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Encyclopedia > Global digital divide

The global digital divide is a term used to describe “great disparities in opportunity to access the Internet and the information and educational/business opportunities tied to this access … between developed and developing countries” (Lu 2001 p. 1). Unlike the traditional notion of the "digital divide" between social classes, the "global digital divide" is essentially a geographical division. A developing country is a country with low average income compared to the world average. ...

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The global digital divide v. the digital divide

The "global digital divide" is distinguishable from the "digital divide", a phenomenon wherein the rich get richer and the poor get poorer, at least with respect to technology, as the gap between the technological haves and have-nots widens. The concept of the digital divide was originally popularized with regard to the disparity in Internet access between rural and urban areas of the United States of America. To meet Wikipedias quality standards, this article may require cleanup. ...


Unlike the case in many classical economic analyses of income disparity, there is no claim in this case that the developed nations' advances in information and communication technologies (ICT) have fed off the labor or resources of developing nations. Conversely, there is generally no claim that developing nations are faring absolutely worse because developed nations are doing better. ... A developing country is a country with low average income compared to the world average. ...


The geographical divide

It is clear that developed nations with the resources to invest in and develop ICT infrastructure are reaping enormous benefits from the information age, while developing nations are trailing along at a much slower pace. This difference in rates of technological progress is widening the economic disparity between the most developed nations of the world (primarily Canada, the United States, Japan, and Western Europe) and the underdeveloped and developing ones (primarily Latin America, Africa, and Southeast Asia), thus creating a digital (that is, digitally fostered) divide. This global divide is often characterized as falling along what is sometimes called the north-south divide of "northern" wealthier nations and "southern" poorer ones. A common understanding of Western Europe in modern times. ... Latin America consists of the countries of South America and some of North America (including Central America and some the islands of the Caribbean) whose inhabitants mostly speak Romance languages, although Native American languages are also spoken. ... A world map showing the continent of Africa. ... Location of Southeast Asia Southeast Asia is a subregion of Asia. ... This article or section does not cite its references or sources. ...


The promise and potential of the Internet

The Internet has been hailed as a “great equalizer” (Brynjolfsson and Smith 2000), a revolutionary technological tool that enables efficient transfer of information on a global scale. This global information could be used for international trade, online digital libraries, online education, telemedicine, e-government and many other applications that would solve vital problems in the developing world. International trade is the exchange of goods and services across international boundaries or territories. ... A digital library is a library in which a significant proportion of the resources are available in machine-readable format (as opposed to print or microform), accessible by means of computers. ... It has been suggested that this article or section be merged with e-learning. ... The term Telemedicine is the delivery of medicine at a distance. ... The term (in all its uses) is generally agreed to derive from electronic government which introduces the notion and practicalities of electronic technology into the various dimensions and ramifications of government. ...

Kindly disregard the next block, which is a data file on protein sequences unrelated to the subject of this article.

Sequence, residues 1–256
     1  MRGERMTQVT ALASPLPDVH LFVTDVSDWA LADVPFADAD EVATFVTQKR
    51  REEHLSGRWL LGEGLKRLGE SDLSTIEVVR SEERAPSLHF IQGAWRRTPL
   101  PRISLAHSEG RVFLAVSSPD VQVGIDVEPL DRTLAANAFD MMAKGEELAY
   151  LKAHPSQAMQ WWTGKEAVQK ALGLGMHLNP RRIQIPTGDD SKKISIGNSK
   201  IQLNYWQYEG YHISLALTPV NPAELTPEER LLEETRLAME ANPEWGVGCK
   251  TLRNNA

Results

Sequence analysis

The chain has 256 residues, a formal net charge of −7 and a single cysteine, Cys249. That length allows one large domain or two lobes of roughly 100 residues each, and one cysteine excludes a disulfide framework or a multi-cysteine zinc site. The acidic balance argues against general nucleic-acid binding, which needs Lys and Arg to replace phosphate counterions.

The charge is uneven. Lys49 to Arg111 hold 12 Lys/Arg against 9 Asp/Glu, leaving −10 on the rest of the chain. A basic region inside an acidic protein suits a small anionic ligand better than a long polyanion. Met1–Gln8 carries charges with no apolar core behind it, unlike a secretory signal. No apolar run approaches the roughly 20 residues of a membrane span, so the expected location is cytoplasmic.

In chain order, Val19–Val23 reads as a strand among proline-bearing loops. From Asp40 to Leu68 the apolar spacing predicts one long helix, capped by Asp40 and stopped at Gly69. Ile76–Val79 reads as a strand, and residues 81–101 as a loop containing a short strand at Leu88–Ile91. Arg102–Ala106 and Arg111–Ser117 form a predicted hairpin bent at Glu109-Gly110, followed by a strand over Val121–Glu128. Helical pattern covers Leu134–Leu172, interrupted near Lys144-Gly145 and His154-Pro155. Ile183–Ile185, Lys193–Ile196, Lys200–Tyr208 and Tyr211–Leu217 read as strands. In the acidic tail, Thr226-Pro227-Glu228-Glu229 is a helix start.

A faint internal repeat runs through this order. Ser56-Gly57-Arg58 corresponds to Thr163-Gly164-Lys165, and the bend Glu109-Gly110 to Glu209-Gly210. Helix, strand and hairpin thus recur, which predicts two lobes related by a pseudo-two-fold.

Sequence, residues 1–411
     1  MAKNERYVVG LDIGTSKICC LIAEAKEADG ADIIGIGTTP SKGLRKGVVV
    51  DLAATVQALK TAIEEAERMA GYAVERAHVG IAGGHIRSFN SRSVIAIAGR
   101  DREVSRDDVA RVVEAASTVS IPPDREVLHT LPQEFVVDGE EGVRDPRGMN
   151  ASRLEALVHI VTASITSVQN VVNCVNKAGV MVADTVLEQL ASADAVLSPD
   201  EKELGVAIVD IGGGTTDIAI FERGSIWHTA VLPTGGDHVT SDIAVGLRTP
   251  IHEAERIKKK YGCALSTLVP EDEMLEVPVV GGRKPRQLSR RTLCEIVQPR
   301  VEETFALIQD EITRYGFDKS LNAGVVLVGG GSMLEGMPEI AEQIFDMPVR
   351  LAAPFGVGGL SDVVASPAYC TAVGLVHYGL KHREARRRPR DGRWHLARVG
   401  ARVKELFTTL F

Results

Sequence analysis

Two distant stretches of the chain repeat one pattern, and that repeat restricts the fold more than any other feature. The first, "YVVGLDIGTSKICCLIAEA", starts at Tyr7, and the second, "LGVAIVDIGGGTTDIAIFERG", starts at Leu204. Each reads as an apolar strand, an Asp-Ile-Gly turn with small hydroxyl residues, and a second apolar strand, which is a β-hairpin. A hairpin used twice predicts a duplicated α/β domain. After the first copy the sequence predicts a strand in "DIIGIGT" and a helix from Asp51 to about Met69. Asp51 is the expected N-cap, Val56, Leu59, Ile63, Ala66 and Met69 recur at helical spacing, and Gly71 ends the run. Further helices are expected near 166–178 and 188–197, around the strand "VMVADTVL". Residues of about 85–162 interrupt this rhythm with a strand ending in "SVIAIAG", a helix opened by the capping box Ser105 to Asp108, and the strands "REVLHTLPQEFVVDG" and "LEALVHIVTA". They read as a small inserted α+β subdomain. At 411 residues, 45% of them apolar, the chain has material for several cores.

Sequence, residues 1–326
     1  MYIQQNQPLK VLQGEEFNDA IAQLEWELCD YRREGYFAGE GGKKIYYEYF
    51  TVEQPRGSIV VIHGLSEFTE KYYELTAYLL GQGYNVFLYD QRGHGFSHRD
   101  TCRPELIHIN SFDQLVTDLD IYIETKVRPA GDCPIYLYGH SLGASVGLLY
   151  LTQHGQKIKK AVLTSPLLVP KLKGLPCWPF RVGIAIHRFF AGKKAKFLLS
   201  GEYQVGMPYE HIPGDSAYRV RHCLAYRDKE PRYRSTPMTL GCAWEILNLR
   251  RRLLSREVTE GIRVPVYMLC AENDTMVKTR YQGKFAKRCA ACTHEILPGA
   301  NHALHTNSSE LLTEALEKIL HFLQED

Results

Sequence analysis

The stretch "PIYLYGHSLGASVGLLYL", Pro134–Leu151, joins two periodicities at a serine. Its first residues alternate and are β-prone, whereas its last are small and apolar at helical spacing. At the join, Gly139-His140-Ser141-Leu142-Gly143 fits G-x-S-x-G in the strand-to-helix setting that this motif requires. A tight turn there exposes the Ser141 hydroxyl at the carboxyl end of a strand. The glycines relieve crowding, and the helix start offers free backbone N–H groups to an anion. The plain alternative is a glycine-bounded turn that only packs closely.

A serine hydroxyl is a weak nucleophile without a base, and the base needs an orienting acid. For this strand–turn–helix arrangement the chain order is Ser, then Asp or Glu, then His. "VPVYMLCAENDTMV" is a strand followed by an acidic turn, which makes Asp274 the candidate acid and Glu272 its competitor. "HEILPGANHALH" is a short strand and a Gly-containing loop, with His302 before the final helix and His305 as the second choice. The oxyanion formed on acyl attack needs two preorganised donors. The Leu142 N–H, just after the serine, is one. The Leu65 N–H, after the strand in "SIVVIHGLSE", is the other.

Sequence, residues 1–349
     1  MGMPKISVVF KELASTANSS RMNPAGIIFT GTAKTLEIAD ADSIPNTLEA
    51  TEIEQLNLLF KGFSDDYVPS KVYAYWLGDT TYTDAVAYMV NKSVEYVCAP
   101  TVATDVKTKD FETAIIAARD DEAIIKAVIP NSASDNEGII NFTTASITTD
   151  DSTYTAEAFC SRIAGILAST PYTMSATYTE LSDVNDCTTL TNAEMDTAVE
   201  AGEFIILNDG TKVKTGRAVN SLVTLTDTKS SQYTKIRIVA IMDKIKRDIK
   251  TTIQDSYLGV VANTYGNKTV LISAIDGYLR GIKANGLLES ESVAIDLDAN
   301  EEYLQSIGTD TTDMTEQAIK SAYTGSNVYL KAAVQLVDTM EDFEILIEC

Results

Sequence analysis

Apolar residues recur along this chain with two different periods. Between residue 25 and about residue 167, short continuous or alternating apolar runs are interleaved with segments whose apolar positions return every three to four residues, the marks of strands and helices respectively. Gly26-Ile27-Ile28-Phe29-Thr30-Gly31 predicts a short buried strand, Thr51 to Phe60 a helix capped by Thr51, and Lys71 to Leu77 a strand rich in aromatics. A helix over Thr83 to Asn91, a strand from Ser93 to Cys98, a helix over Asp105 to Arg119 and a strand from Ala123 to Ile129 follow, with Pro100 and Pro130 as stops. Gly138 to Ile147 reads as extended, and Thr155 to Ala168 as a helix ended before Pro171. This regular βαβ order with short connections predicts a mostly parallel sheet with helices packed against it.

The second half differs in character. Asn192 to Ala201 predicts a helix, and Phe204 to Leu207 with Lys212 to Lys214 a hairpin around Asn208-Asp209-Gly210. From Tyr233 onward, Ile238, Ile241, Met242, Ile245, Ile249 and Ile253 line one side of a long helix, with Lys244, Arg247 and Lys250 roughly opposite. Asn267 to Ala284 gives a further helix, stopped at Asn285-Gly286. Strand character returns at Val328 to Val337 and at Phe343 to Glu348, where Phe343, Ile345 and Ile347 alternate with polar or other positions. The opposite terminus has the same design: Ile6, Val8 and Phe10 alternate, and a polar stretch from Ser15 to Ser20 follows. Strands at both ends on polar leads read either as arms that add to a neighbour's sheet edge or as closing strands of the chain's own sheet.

The fundamental commonality of this class of problems is the realization that the developed nations have in abundance many of the resources that the developing ones could use to solve some of their problems, but geographical, political and cultural barriers exist that make it difficult or impossible for these solutions to be transferred effectively.


Other proposed solutions that the Internet promises for developing countries are the provision of efficient communications within and among developing countries, so that citizens can effectively help each other to solve their own problems. Sources of widespread public information such as television broadcasting, telephone services, educational institutions and public libraries are taken for granted in developed countries. In developing countries, however, such infrastructure is seriously deficient, and this cripples citizens’ ability to gather information and coordinate with each other to solve their problems. Through its ability to promote the efficient dissemination of information, the Internet promises huge improvements to internal communications in and among developing countries.


Global issues that causes Digital Divide 1.Money/Cost


In countries such as West Africa for example connection costs cost 66 times as much as they do in a country such as United States of America making a financial struggle for these poorer countries. In Africa there is a ratio of 3 computers to 1000 of people that have access to a computer. Most people in poorer country’s are trapped on the wrong side of the ‘Digital Divide’. Solutions to try and solve this problem solutions have been made up; recently ‘The United Nations’ have come up with a strategy called ‘The Digital Solidarity Fund’. This solution that the ‘United Nations’ have came up with, is where they raise money for less wealthy country’s so that new communication technologies can be shared to less privileged countries so that they don’t fall further behind in the Digital Divide.


Obstacles to overcoming the global digital divide